It may take between 3 and 5 days, through a fascinating world of forests, wildlife, and unique mountain vegetation including giant lobelias, podocarpus, grounsel and even a local sub-species of rock hyrax to reach the peaks. The primary health hazards to look out for include altitude sickness and hypothermia.
Several options exist for supplies, porterage, and climbing tours. The towns of Naro Moru, Chogoria and Nanyuki are
good starting points for climbers. From these relatively developed towns, teams can coordinate trips and find reasonably priced accommodation.
Kilimanjaro can be climbed all year round, although the main dry climbing season begins from January-February and June-September. Climbers short on time can easily fly to Kilimanjaro International airport from either Nairobi or Dar es Salaam and stay overnight in Moshi or Arusha town.
Mount Kenya can also be climbed any time of the year, but the experience can vary from a nice and easy one, to a wet and muddy nightmare. There is quite a lot of rain in March, April and May, which breaks and then resumes again in October to November. Temperatures as low as -17°C have been recorded at the foot of Lenana point, but they usually never go below -5°C. The mountain can also be plagued with sudden gusts of winds, which can be fierce at times, so it is good to carry warm and windproof clothing.
The mountain today faces a bigger challenge than the effects of climate change on its receding glaciers. It is located inside the Mount Kenya National Park, a 715 sq km protected area established in 1949. But at the foot of the mountain are some of Kenya’s most fertile lands. Their acreage is increasing as population levels rise threatening the area’s bio-diversity as people clear more land for farming, exposing one of Kenya’s prime sources of water to the elements.
Some 15,000 visitors every year may also be starting to exert its own pressure from the increased littering around the site.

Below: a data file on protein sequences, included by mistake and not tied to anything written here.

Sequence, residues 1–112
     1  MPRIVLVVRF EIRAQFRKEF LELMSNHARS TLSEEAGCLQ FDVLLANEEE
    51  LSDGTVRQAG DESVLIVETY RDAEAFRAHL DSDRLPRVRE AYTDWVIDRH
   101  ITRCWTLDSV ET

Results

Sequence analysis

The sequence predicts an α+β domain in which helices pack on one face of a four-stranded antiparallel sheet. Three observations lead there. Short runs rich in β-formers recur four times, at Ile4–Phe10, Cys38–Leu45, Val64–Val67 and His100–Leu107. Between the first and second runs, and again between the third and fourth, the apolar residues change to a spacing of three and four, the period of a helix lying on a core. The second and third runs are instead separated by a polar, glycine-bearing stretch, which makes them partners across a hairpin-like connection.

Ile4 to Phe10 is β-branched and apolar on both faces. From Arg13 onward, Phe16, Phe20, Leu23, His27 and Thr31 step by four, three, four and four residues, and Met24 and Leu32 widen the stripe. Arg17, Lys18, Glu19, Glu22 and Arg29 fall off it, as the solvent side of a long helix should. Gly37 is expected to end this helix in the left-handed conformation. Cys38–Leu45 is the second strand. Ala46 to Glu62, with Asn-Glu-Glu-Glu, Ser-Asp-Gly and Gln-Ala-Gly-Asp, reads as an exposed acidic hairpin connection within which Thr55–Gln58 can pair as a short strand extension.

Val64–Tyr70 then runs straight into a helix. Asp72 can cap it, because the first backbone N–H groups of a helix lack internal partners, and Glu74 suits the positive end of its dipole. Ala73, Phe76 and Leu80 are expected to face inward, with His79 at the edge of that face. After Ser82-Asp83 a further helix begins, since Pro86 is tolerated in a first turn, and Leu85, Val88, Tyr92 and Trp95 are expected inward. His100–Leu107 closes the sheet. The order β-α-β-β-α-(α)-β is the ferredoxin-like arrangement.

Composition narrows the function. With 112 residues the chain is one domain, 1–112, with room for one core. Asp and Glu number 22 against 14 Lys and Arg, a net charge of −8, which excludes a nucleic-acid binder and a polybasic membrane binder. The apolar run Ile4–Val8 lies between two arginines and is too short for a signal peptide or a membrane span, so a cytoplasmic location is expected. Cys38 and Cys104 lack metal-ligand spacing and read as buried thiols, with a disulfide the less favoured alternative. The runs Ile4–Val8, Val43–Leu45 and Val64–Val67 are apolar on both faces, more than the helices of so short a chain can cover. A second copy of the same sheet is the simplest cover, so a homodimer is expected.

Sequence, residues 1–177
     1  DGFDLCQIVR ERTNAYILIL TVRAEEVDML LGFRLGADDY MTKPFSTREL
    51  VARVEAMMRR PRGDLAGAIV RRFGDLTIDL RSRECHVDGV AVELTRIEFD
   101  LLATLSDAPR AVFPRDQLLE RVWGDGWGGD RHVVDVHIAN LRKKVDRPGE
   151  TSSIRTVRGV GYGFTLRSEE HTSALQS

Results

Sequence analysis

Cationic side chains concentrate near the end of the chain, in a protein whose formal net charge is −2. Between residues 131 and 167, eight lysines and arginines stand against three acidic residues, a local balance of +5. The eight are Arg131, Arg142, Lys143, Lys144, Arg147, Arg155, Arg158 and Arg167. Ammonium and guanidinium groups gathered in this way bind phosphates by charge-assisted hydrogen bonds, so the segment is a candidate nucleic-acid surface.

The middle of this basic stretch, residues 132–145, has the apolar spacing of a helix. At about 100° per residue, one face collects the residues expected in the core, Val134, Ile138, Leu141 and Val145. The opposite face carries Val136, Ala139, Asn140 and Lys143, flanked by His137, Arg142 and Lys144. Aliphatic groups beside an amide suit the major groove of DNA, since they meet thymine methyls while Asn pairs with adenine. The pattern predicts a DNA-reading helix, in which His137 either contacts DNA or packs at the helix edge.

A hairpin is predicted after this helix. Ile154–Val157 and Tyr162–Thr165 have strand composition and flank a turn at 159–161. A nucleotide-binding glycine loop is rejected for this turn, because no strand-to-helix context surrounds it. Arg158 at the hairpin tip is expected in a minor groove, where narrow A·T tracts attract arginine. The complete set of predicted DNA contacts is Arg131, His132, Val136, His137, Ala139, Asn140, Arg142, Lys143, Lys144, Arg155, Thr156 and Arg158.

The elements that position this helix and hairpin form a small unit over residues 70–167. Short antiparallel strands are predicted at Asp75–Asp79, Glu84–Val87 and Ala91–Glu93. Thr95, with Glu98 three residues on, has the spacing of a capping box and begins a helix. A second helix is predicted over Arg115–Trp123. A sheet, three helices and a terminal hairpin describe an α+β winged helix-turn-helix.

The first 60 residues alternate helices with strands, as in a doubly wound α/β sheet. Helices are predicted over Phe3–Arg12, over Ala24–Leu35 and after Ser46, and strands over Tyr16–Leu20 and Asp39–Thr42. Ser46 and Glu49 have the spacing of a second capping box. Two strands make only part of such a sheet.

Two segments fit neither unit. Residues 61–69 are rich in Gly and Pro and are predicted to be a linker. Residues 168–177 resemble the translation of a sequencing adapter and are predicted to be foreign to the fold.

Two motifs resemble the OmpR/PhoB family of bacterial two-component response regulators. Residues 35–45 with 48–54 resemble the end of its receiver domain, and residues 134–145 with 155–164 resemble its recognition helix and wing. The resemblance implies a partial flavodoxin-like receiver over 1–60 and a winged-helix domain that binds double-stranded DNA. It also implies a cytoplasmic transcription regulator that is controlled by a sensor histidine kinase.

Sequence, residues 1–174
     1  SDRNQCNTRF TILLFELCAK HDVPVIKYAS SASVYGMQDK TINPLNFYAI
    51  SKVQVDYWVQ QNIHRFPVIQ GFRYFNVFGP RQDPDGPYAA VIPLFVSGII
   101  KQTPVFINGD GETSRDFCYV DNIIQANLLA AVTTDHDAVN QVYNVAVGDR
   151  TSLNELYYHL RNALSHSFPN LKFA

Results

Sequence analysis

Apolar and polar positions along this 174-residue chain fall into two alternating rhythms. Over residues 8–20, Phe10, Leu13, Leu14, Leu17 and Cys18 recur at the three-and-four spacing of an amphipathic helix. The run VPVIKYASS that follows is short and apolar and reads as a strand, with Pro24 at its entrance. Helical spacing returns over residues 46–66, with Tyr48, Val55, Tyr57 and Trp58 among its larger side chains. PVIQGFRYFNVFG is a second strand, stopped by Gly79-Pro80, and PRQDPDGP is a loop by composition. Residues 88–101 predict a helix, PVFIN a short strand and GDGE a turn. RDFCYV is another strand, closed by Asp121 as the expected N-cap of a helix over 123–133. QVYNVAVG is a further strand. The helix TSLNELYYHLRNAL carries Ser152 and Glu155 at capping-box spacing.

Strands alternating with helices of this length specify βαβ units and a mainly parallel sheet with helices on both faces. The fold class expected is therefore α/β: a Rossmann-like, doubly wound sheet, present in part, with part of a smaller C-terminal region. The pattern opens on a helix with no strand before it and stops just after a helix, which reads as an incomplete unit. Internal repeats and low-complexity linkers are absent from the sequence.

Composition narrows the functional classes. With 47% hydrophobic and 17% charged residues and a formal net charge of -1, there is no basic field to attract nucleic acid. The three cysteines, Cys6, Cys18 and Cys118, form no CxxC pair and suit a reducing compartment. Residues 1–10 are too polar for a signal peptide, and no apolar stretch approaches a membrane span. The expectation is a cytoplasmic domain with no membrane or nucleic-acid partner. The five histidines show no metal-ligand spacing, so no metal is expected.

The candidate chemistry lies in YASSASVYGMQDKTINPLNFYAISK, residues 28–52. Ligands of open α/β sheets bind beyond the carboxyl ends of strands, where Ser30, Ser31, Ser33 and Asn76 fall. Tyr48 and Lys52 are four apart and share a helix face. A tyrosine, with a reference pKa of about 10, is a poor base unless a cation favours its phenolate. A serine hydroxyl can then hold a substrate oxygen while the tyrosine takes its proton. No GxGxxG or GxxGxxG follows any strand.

Its beauty may yet save it, however, with the park’s status as a UNESCO World Heritage Site, this priceless gem of Kenya will be preserved..
Trekker’s DiaryHenry Kimathi Muuthia writes for Enchanted Landscapes, a Kenyan information website.
Mount Kenya stared at us in all its mystery as we entered the Sirimon Gate. Five hours ascending through bamboo and pine forest on a dusty track took us to a secluded campsite by a small mountain stream. We rose before sunlight for the trek towards Leki North, through scenery that changed from pine forest to alpine moorland.
The next morning we trekked over a deceptive ridge into Mackinder’s valley before a long climb to Shipton’s camp, right below Batian and Nelion and within sight of two small glaciers.
Our bid for the summit started at2:30 am in the freezing darkness. The barometer showed bad weather coming in. Pools of ice reflected in the moonlight. At day break we summitted, having climbed a short rock face, and all gave smiles for the camera, before starting our descent. By then, the wind was unbearable, and turning into a storm. We struggled down a scree slope, reaching camp for a late breakfast, before heading back to first camp by nightfall. It is a day I will not forget, summitting one of the most difficult mountains in Africa.
Smartlife October – December 2011